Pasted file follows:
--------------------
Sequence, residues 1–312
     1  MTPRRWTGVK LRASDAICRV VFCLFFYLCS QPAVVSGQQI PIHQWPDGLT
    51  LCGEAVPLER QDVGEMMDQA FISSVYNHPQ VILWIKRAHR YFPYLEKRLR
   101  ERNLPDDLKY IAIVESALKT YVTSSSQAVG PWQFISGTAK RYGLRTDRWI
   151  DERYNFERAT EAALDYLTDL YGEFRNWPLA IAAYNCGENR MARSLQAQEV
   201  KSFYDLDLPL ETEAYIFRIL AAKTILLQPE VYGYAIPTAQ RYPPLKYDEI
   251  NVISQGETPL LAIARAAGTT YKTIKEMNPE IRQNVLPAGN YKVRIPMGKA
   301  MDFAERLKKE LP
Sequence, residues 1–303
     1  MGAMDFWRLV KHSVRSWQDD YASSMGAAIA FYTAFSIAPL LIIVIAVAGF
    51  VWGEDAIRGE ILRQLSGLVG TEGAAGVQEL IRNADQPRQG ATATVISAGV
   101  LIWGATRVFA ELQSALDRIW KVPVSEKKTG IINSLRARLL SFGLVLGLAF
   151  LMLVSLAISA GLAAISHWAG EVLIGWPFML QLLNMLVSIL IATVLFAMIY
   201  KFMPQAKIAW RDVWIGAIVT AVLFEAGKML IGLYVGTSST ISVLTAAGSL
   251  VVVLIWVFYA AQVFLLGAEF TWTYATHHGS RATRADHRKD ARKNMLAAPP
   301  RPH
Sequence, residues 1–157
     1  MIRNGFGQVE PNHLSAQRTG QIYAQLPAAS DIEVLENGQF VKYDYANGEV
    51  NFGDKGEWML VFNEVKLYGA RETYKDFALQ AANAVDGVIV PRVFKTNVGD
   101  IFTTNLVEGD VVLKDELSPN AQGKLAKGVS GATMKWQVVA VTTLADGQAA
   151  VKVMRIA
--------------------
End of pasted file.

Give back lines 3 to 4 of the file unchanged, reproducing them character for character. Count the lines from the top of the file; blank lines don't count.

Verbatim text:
    51  LCGEAVPLER QDVGEMMDQA FISSVYNHPQ VILWIKRAHR YFPYLEKRLR
   101  ERNLPDDLKY IAIVESALKT YVTSSSQAVG PWQFISGTAK RYGLRTDRWI